But how did Darwin see creation? How did he understand God’s creative action? How it was not to be understood, he shows in a quite sarcastic tone in the “Origin of Species”
Do they [the representatives of individual acts of creation] really believe that at innumerable periods in the earth’s history certain elemental atoms have been commanded suddenly to flash into living tissues? Do they believe that at each supposed act of creation one individual or many were produced? Were all the infinitely numerous kinds of animals and plants created as eggs or seed, or as full grown?
No, the idea of the creation of completed individual beings or species is absurd. It is as just as unsustainable as the creationist theses of a creation of the world in six 24-hour days, as the pseudo-scientific speculations about a “young” earth, about a historical interpretation of the Flood, etc.
But it is equally an inadmissible simplification, to lump the scriptural-fundamentalist creationism together with a sound belief in creation, as is often done. The scriptural understanding of creationism is certainly not that of the Catholic Church and that of the great Christian intellectual tradition.
Yet the understanding of creation against which Darwin unfolds the “long argument” of his theory is much closer to that of fundamentalist creationism than to that of the great Christian philosophical and theological thought on the theme of creation. My suspicion is that in his quite brief study of theology he scarcely tackled the Christian masters. He read William Paley, his “The Evidence of Christianity,” but in this very apologetic approach to Christianity he hardly found the great Christian intellectual tradition, but rather a strongly pragmatic approach, as the Anglo-Saxon culture preferred, and above all “deism,” which admits a Creator merely a clockmaker at the beginning.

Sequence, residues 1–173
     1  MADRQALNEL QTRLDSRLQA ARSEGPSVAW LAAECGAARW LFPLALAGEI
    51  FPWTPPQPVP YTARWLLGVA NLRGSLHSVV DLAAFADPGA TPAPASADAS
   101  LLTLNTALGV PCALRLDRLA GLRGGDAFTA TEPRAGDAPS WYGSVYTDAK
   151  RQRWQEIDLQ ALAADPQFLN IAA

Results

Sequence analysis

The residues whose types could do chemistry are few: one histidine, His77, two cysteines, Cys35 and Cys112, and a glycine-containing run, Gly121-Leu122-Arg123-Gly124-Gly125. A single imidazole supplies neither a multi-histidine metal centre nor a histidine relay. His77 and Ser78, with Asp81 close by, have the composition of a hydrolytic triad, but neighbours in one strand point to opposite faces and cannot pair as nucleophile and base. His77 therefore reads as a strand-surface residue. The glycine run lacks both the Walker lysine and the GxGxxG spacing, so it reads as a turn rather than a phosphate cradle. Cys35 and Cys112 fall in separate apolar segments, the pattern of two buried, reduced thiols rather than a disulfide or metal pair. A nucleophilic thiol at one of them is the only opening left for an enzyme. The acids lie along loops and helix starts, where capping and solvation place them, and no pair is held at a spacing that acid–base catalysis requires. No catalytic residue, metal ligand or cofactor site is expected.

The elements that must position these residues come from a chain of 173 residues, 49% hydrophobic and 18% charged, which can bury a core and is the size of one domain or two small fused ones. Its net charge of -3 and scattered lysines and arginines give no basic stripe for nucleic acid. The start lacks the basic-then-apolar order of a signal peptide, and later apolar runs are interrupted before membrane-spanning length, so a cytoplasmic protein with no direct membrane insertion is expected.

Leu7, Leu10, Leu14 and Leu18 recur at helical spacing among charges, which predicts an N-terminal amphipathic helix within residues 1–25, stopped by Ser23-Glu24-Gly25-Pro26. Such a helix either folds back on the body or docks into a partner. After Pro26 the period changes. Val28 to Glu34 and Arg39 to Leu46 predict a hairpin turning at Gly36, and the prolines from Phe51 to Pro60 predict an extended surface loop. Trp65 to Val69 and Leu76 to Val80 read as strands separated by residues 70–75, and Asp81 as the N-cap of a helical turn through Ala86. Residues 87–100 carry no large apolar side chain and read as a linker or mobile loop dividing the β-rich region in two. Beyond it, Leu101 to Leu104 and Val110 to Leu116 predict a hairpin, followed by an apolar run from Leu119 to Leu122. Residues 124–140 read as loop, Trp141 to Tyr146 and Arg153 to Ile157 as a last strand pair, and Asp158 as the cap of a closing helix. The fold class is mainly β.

At this point a look back in the field of humanities is necessary. Since the late middle ages, the stream of nominalism brought about an ever clearer mechanization of the world-view. Ever more all causality was reduced to material causality. The classic teaching on the four causes was lost, especially final causality and formal causality. As Werner Heisenberg established, the concept of the four causes became limited to the material and efficient cause, to “the rule of cause and effect”; this limitation reduction ever more the perception of truth to the material.